Posted by Brian McCullough
This is a question we’ve been getting a lot lately at our professional resume service. I suppose it’s a sign of the times. It’s almost impossible to imagine a world without social networking. Facebook is so much a part of our everyday lives that it’s almost natural that job seekers – young professionals especially – feel like it’s a natural thing to put a link to their Facebook page on their resume.
But is this a good idea? Is it something you should actually consider doing?
I hate to hedge here, but my answer is: probably not.
My logic goes like this: for the vast majority of us, Facebook is a personal thing. It reflects our personal lives. So Facebook doesn’t reflect our professional lives, nor should it. You’ve all heard the horror stories about people getting fired because of something that was posted on their Facebook page. Even if you don’t face something that drastic, I still think you should keep a bit of a distance between your Facebook life and your professional life. Your Facebook page probably doesn’t belong on your resume. The hiring manager doesn’t care about your vacation photos, even if everyone is fully clothed in them.
Now, I know you can do all sorts of things to customize your public Facebook profile. If you’re a wizard who can outsmart Mark Zuckerberg’s constant tweaking of the privacy controls, in theory you could have a public Facebook profile that is all propriety and professionalism. But even if you do do this, I still say your Facebook profile is not professional enough to go on your resume. Facebook is just not assumed to be in, or appropriate for, the professional realm. So you run the risk of coming off like a naive kid if you put your Facebook link in at the top of your resume along with your email address and cell phone number.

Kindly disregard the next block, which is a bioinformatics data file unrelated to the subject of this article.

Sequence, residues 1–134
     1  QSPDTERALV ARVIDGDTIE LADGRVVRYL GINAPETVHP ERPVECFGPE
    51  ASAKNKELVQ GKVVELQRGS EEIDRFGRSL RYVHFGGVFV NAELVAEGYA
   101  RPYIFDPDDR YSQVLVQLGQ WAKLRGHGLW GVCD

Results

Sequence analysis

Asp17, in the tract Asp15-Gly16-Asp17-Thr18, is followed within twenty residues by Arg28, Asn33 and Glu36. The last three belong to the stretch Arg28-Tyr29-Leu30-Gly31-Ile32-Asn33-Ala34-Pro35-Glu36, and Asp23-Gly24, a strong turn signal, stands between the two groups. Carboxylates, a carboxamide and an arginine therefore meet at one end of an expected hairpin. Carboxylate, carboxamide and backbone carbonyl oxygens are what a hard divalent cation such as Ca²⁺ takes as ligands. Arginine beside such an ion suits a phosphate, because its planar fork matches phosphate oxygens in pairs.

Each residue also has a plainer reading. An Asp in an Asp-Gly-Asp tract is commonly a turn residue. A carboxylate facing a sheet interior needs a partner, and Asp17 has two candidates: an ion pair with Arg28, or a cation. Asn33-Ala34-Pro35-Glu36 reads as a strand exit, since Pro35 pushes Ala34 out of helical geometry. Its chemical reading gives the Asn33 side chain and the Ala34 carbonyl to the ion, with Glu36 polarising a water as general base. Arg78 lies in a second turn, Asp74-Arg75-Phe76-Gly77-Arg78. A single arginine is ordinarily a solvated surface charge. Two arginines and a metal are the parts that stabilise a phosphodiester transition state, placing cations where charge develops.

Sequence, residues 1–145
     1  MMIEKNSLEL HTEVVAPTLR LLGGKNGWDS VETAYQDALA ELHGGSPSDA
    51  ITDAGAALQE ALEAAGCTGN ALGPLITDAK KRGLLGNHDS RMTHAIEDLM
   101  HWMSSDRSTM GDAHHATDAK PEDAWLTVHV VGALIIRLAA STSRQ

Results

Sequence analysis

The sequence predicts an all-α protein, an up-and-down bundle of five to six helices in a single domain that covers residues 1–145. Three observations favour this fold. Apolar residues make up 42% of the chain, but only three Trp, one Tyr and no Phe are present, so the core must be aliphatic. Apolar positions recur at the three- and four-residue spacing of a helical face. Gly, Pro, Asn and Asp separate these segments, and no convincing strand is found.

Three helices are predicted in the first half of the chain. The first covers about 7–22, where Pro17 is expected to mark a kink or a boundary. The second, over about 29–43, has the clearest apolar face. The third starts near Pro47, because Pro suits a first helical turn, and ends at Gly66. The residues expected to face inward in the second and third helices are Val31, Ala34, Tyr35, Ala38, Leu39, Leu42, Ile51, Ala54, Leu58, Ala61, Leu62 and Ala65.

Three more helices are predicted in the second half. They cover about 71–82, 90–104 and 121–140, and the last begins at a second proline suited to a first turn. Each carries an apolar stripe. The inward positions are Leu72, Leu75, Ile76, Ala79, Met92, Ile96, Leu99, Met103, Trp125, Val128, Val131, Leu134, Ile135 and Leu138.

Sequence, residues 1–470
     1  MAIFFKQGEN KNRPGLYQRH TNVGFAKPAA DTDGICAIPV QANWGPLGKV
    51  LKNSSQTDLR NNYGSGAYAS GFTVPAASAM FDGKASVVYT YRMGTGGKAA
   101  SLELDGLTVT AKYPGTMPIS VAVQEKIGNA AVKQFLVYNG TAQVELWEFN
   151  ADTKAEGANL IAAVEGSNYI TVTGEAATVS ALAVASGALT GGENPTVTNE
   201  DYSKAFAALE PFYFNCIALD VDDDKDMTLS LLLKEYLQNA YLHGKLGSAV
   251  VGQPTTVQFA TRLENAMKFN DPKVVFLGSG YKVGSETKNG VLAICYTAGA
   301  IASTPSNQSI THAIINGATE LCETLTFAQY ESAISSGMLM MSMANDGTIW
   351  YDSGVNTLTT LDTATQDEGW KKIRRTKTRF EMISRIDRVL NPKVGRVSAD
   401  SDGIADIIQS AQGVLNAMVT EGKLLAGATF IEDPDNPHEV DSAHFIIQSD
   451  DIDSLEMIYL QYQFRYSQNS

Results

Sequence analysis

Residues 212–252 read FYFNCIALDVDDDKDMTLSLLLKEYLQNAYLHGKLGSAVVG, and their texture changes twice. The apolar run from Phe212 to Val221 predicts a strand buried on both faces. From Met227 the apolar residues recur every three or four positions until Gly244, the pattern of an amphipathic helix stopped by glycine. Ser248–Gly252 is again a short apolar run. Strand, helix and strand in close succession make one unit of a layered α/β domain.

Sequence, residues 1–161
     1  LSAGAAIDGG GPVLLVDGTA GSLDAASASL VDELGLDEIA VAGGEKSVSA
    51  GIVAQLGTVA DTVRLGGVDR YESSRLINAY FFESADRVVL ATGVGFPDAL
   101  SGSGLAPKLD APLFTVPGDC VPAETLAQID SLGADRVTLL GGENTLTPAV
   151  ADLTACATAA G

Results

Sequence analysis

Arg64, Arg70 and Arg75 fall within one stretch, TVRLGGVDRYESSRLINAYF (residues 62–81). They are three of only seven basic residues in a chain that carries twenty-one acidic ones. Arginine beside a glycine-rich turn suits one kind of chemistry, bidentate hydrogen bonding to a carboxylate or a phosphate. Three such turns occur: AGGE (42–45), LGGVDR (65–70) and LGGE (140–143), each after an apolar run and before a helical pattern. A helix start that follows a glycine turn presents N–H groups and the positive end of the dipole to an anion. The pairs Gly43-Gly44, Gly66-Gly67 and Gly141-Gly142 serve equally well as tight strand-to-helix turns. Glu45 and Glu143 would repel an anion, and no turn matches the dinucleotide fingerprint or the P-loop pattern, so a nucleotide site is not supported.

But what about Twitter? Well, Twitter is a slightly different story. Twitter is used for personal stuff, but more often, it’s used for personal, professional branding. Building and cultivating an audience.
I’ve even recently made the case that Twitter handles are the new business cards.
So if you’re one of those life 2.0 people who has a Twitter account and you use it specifically as your professional face to create a brand, then yes, I think you should put @yourtwittername on your resume.
One final word on all of this. It should be obvious, but there’s a great service that from day one was designed to be the place you went to do professional social networking: LinkedIn. Your linked in profile can be like your professional Facebook profile. If you haven’t set up a LinkedIn profile, do it now, and add THAT link to your resume!